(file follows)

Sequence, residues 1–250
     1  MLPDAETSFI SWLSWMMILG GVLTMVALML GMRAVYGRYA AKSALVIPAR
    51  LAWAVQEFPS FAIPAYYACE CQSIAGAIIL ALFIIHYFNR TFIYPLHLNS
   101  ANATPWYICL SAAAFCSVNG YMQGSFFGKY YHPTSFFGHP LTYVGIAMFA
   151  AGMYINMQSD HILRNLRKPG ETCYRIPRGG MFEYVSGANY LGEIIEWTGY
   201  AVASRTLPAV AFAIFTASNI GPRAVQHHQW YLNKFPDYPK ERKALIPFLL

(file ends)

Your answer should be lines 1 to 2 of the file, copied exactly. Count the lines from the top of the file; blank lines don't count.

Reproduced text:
Sequence, residues 1–250
     1  MLPDAETSFI SWLSWMMILG GVLTMVALML GMRAVYGRYA AKSALVIPAR